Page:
Culinary Arts

Kitchen Setup: Essential Ingredients

Thomas Keller

Lesson time 9:09 min

Learn the key ingredients that you’ll need to enhance and add flavor to any dish.

Thomas Keller
Teaches Cooking Techniques
Learn techniques for cooking vegetables and eggs and making pastas from scratch from the award-winning chef and proprietor of The French Laundry.
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Fundamental techniques. Fantastic food.

Thomas Keller has won more Michelin stars than any chef in America. In his first online cooking class, the founder of The French Laundry and Per Se teaches you the underlying techniques of making great food so you can go beyond the cookbook. Learn how to confit vegetables, poach perfect eggs, make hand-shaped pasta, and bring Michelin star-quality meals to your kitchen.


Students give MasterClass an average rating of 4.7 out of 5 stars.

Loved his encouraging words and his passion for the art of cooking. I am excited to learn something new!

Thomas Keller is a natural teacher. No wonder he's such a great chef. He's a creator of great chefs.

Thomas Keller has helped me with refinement and to add a little more finesse.

I am a home cook that loves everything about cooking, learning new skills, new ingredients, new techniques - this class was so inspiring and helped me to learn all of the things I mentioned above. I have admired Chef Keller and this was truly a treat to be able to learn from him. I am ready to head into the kitchen and practice what I have learned!



a wonderful guy for sure, but he has to stop saying...hummm. ahmmm at the end of every sentence. or masterclass can just cut these out. can't watch this.

Ramona W.

Great information....I have lot's of different salts, and sometimes get confused with using I am less confused. I am wanting to know more about cooking oils... I use Olive Oil and now find out not supposed to... oops... I make Ghee and don't mind the little hint of flavor, same with Coconut Oil...I would like more insight on what type of neutral oil to use that is heart healthy...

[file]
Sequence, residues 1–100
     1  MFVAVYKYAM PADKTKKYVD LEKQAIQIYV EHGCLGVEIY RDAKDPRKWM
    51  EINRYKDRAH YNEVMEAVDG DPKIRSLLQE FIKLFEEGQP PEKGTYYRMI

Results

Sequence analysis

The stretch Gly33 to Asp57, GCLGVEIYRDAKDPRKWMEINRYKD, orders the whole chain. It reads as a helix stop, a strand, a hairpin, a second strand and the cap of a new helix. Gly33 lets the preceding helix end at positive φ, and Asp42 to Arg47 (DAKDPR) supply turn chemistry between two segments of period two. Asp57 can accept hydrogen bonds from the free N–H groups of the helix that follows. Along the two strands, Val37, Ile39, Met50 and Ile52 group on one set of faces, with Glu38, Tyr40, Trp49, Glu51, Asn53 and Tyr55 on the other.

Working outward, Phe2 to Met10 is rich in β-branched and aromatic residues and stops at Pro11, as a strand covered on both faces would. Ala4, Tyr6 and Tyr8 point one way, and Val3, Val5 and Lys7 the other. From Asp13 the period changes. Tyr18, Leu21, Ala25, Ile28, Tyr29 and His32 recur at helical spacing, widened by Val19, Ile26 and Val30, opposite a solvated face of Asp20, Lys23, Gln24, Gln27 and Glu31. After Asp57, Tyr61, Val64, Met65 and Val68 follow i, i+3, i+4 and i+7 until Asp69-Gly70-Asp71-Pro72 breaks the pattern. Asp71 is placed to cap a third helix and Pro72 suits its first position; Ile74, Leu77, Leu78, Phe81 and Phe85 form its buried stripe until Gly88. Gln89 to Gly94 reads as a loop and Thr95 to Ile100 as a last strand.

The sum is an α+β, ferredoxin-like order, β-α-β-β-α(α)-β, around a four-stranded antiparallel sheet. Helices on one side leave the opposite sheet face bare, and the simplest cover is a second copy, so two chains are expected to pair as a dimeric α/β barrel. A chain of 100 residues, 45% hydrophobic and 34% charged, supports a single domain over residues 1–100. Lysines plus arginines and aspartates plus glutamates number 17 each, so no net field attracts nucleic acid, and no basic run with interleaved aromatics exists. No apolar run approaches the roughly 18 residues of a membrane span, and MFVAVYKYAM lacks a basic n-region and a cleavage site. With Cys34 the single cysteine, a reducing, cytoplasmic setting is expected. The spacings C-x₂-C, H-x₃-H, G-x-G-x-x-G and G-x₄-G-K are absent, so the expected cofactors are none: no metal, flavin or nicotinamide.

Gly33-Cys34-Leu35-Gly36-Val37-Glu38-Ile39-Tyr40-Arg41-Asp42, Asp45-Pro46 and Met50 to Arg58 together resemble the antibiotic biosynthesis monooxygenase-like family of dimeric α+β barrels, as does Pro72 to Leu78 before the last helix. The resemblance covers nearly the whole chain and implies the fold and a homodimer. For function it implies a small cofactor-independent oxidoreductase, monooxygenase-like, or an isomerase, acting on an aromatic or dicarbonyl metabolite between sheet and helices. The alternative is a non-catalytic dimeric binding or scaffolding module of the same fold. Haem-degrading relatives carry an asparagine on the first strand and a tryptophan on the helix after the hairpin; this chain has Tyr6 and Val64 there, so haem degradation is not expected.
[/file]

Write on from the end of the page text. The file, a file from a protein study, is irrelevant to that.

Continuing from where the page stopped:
Irma D.

Just a great person. Period. What an honor. Thank u so much, Masterclass. I am beyond grateful, MasterChef Keller


Ok, why kosher salt over sea salt? With sea salt there is more minerality and it's not a processed ingredient.... they're not all finishing salts.

A fellow student

The class is very informative, but the lesson pdf has a small mistake about the temperature.

Paulína S.

It's amazing to know that such a little detail as salt does matter :) didn't care three years ago and now i have a favorite kind fo regular cooking and finishing :D Love how i evolved since taking these classes :)

Mike W.

lesson was great.. a comprehensive pdf as opposed to chapter by chapter is better (I use my AppleTV app to watch the lessons and downloading a bunch of PDF's is suboptimal).

A fellow student

Did not know about extra virgin olive oil info, but I am a butter fan with safflower oil person for the past few years because I only use the olive oil for salad. Now I know why my food needed so many herbs and other additions; because I was using the wrong oil. Good to know!

Sergio S.

I am surprised to hear that you don't cook with olive oil. I am even more surprised to hear that you use canola. My wife is American and I am Mexican. While olive oil is popular, most Mexican traditional kitchens and dishes (especially the street food that I love) use canola/vegetable or corn oil. Never olive oil. We always have a discussion over the health properties of each oil. She doesn't like canola. Period. I have shown her research papers about how canola has better health scores and cooks better... Now I really feel validated.


When I moved into my new place and started getting new tools and spices to fill the cabinet, one of the first things I bought was kosher salt. I keep the iodized stuff around to gargle for a sore throat, otherwise I've been trying to get rid of it (got pounds of the stuff left, unfortunately, thanks to dad always thinking we were out). I like the flavor and feel of it, and I got a couple other salts to play with, too. There's a limited variety in the stores around here, though (you know it's a limited operation for cooks when they don't even have rye flour--red flag), so I'm probably going to have to find a farmer's market or specialty place to try new things out when the cooking really gets going. And the idea about pepper--we always just mindlessly put salt and pepper on our food growing up, like we knew we'd need it and just never thought much about it. I've done well limiting my salt intake--I rarely put it on my table because there's already so much sodium in pre-packaged food or the frankenfoods out there. Pepper is an often-used item, though, but I'm learning to be more judicious in how I use it. I haven't even lifted a pan yet and am already learning a bunch. Can't wait to have my kitchen finished so I can do more than heat up a small pizza or Chef Boyardee (seriously, one more night on my table and that fat prat's gonna start paying rent).